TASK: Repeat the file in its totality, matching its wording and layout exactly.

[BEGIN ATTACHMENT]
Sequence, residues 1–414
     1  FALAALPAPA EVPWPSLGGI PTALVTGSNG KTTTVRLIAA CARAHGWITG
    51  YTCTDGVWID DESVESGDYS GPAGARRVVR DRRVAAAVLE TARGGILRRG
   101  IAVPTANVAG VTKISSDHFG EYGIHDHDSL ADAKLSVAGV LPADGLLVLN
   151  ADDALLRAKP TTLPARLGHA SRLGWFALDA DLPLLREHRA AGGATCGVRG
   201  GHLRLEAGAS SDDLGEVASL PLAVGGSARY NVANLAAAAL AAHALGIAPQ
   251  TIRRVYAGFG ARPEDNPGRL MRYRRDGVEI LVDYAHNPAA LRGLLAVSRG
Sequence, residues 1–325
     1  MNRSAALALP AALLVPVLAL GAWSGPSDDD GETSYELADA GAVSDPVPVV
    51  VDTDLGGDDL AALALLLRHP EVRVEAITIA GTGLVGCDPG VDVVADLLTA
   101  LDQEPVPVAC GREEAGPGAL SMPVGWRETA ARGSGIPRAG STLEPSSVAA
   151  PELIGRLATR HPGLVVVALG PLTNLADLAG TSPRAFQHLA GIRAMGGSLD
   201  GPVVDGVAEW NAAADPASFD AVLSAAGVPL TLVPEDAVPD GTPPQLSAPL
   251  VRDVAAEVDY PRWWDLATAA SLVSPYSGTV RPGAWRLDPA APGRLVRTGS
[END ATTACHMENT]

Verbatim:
Sequence, residues 1–414
     1  FALAALPAPA EVPWPSLGGI PTALVTGSNG KTTTVRLIAA CARAHGWITG
    51  YTCTDGVWID DESVESGDYS GPAGARRVVR DRRVAAAVLE TARGGILRRG
   101  IAVPTANVAG VTKISSDHFG EYGIHDHDSL ADAKLSVAGV LPADGLLVLN
   151  ADDALLRAKP TTLPARLGHA SRLGWFALDA DLPLLREHRA AGGATCGVRG
   201  GHLRLEAGAS SDDLGEVASL PLAVGGSARY NVANLAAAAL AAHALGIAPQ
   251  TIRRVYAGFG ARPEDNPGRL MRYRRDGVEI LVDYAHNPAA LRGLLAVSRG
Sequence, residues 1–325
     1  MNRSAALALP AALLVPVLAL GAWSGPSDDD GETSYELADA GAVSDPVPVV
    51  VDTDLGGDDL AALALLLRHP EVRVEAITIA GTGLVGCDPG VDVVADLLTA
   101  LDQEPVPVAC GREEAGPGAL SMPVGWRETA ARGSGIPRAG STLEPSSVAA
   151  PELIGRLATR HPGLVVVALG PLTNLADLAG TSPRAFQHLA GIRAMGGSLD
   201  GPVVDGVAEW NAAADPASFD AVLSAAGVPL TLVPEDAVPD GTPPQLSAPL
   251  VRDVAAEVDY PRWWDLATAA SLVSPYSGTV RPGAWRLDPA APGRLVRTGS